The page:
Lawmaker takes lead in banning Salvia divinorum

February 3, 2008

Salvia divinorum, a species of sage, isn’t banned under the federal Controlled Substances Act, but more than a half dozen states have made the drug illegal through state law. At least 12 more states, including Alaska, are debating whether to do so.

Sen. Gene Therriault, R-North Pole, has been leading the charge here. Therriault said the drug’s effects, which are similar to LSD’s, are too powerful, dangerous and unpredictable to leave it unrestricted. “What I’m trying to do here is be proactive instead of reactive to the newest drug on the scene,” he said.

Users often experience effects typical of hallucinogens, including visual distortions, hallucinations, inability to speak, uncontrollable laughter and out of body sensations, according to the federal Drug Enforcement Administration. Unlike LSD, however, Salvia’s effects generally last only about a half hour.

Salvia, which is listed on a DEA “drugs and chemicals of concern” list, is cheap and easy to find online, and at least a handful of tobacco stores and head shops sell it in Alaska.

Reports of problems stemming from the plant’s use are rare to nonexistent in Alaska, said Lt. Andy Greenstreet, deputy commander of the Alaska Bureau of Alcohol and Drug Enforcement. “It’s popped up down south, but it hasn’t been much of an issue here yet,” Greenstreet said. “It’s probably just a matter of time.” Its use while driving is of particular concern, he said, but driving under the influence laws already encompass all drugs.

Senate Bill 38, introduced last January, remains in the Finance Committee. Therriault said he hopes it will be addressed this session. Last session, a similar bill never made it to the Senate floor.

The bill didn’t progress last time because it got buried behind higher-priority bills that needed to be heard in Finance, said Miles Baker, legislative assistant to Sen. Bert Stedman, R-Sitka, who co-chairs the committee. The bill has not yet been scheduled for a hearing this year, but Therriault said there has been little vocal opposition.

If passed, the bill would list Salvia divinorum and Salvinorin A, the psychotropic chemical in the plant, as Schedule IIA controlled substances under state law — the same category as LSD, mescaline, peyote and psilocybin, the active chemical in hallucinogenic mushrooms.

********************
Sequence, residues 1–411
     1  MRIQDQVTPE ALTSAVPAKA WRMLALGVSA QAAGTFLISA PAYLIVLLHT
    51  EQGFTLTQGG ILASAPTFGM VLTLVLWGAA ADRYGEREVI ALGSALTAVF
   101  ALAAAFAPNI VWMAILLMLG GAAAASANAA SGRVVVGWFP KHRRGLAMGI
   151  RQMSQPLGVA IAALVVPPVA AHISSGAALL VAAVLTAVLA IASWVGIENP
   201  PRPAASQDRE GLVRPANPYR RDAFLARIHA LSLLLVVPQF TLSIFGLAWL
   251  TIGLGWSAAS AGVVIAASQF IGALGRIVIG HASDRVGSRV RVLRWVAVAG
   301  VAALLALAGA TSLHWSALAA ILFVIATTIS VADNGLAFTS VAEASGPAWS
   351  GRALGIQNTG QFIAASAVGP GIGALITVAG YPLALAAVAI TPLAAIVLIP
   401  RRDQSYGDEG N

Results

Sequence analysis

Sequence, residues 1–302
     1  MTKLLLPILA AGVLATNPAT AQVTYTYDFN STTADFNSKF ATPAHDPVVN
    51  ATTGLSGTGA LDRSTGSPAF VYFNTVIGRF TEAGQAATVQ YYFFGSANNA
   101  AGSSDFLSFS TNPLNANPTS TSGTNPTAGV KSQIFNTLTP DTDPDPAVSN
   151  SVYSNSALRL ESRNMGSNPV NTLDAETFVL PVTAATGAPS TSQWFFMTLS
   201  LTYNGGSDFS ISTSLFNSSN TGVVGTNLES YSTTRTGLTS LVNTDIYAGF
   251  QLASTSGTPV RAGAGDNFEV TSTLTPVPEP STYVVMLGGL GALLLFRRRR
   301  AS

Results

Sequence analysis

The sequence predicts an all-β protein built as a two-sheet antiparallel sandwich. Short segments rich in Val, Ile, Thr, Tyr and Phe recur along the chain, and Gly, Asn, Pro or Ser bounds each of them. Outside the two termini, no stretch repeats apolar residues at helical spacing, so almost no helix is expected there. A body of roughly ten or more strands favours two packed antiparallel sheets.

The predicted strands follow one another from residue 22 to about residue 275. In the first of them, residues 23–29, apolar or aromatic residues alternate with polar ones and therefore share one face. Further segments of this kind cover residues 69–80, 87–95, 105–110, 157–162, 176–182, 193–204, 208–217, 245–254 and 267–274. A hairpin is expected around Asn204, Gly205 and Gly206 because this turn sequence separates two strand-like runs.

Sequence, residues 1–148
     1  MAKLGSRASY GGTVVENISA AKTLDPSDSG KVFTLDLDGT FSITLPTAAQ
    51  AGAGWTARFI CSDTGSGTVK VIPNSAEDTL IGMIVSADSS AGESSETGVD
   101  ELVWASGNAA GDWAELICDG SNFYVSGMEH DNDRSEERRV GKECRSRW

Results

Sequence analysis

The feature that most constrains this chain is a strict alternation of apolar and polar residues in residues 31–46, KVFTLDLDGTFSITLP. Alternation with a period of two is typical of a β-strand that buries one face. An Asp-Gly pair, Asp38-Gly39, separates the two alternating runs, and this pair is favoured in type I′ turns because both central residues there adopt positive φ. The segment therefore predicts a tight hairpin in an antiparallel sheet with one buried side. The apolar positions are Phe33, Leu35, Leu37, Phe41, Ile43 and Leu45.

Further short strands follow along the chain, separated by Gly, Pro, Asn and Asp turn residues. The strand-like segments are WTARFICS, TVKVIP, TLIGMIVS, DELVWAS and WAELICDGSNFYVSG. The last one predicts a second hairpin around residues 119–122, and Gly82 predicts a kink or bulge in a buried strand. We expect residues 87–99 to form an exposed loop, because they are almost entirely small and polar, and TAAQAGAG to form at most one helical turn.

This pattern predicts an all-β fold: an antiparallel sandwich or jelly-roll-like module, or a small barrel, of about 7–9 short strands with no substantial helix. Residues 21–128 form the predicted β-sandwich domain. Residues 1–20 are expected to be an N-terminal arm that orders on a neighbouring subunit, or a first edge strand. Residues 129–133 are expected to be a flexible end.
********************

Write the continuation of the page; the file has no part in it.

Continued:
One problem facing lawmakers is that the drug is undetectable in humans, an issue that’s being addressed at the state crime lab, where analyst Jack Hurd is studying the drug and working to develop a test for it.

“We’re in the initial stage, here in Alaska, researching it,” Hurd said. “If you’re going to say this is against the law, you’ve got to make sure the active ingredient isn’t in other (plant) species.”

There are some indications that Salvia could have legitimate medical applications, and Therriault’s bill allows for an exemption for prescriptions, said Dave Stancliff, a legislative aide to Therriault.

“The jury’s still out because there’s not been a lot of study,” he said. “But whenever there’s uncertainty with a substance of this potency, there’s a need to prevent injuries.”

The major issue with the drug is its potency and unpredictable nature — having a bad trip is fairly common, Stancliff said. The DEA reports adverse physical effects include lack of coordination, dizziness and slurred speech.

But some relatively minor side effects should not mean the drug needs to be outlawed, said Jack Degenstein, with the Alaska Libertarian Party. Degenstein opposed Therriault’s bill in a Senate hearing last year. “This is absolutely not a public safety risk,” he said in an interview this week. “It is the most powerful natural psychedelic, but just because it’s powerful doesn’t mean it’s dangerous.” Many people are turned off by Salvia the first time they try it because of its potency and the uncomfortable feelings they get, he said.

The drug has been linked to at least one death. According to news reports, a 17-year-old Delaware boy killed himself in 2006 after reportedly smoking the drug several times over a period of months, saying in a suicide note that the experience had convinced him life was pointless. A medical examiner eventually ruled Salvia use was a contributing factor to his death. The coroner didn’t make that connection until well after the boy’s death, however, Degenstein said. “That was actually quite a controversy because about a year after the fact the coroner changed his death certificate,” he said.

For Degenstein and other opponents of the bill, the question is one of personal freedom and what consenting adults should be allowed to do in their own homes.

Although he doesn’t advocate drug use, Jason Dowell, chairman of the Alaska Libertarian Party, said people should have the freedom to choose, especially when the choice is about a plant that has had traditional medicinal uses in Mexico. “It’s ridiculous that they would try to make plants illegal,” Dowell said. “It’s just a recipe for disaster. They’re going to send innocent people to prison and invade their privacy.”